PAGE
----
I’ve only read the intro so far, but it is very powerful. I have no feedback other than praise. Looking forward to the rest of it!

  4. Sherrie says:

    I’m hopeful that this goes in the intended direction and I applaud your virtue.

  5. Thanks Notrachel and Sherrie!

  6. Mike says:

    I just read through the entire series and really have just three comments. The first is that it seems like this seems really comprehensive. It’s clear you’ve put a lot of thought into this and worked through every page of the Handbook. It’s like what Jeremy Runnells did with his Letter to a CES Director in a way. It includes pretty much everything I’ve ever heard feminists say about how they would want to change the Church. I imagine that you might develop spine problems from everyone slapping you on the back in congratulations.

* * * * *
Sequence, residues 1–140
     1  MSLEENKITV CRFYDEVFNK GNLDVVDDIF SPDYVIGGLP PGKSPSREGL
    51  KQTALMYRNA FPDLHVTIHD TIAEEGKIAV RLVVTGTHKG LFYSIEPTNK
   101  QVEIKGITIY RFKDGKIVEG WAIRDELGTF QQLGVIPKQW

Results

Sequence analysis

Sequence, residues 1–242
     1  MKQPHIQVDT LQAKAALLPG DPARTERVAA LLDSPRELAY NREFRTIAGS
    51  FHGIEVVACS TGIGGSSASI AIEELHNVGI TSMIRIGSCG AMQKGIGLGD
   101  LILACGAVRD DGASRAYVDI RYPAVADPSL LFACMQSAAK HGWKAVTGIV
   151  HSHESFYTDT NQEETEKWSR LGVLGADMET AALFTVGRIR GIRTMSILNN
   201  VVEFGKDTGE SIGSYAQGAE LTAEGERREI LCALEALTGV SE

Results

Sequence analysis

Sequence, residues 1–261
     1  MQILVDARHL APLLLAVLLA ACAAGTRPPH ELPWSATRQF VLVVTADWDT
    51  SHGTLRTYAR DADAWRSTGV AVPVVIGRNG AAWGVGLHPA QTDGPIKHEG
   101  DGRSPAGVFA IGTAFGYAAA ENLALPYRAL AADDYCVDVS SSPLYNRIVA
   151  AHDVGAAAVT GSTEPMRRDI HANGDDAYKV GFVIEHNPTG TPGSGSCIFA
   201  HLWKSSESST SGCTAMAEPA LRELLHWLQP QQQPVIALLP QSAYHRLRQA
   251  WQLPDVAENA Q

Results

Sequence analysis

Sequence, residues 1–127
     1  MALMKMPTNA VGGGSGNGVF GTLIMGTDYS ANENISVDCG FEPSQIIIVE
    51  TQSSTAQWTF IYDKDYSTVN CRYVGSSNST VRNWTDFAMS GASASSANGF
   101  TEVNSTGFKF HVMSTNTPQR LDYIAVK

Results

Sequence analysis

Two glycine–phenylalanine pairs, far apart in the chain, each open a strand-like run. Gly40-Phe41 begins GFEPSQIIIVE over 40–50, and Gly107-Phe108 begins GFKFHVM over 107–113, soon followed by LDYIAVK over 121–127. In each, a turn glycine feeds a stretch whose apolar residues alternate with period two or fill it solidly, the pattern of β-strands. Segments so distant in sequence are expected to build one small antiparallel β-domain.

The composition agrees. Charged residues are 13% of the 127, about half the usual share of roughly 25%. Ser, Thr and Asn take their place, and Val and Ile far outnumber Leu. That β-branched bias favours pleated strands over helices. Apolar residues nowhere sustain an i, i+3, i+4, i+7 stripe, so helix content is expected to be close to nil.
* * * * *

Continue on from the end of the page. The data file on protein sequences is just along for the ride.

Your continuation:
Having said that, I can’t imagine your stake president forwarding this along. More than likely he’ll view this with the same lens as he viewed your other blog posts regarding Ordain Women and like topics. I mean, I don’t know the guy, but it seems like the stuff he had you take down was relatively tame in comparison. Reading between the lines, you are really calling the Church out on the carpet for a lot of things, and putting a relatively strong argument forward for female ordination, and I can’t imagine him changing his tune from earlier this year.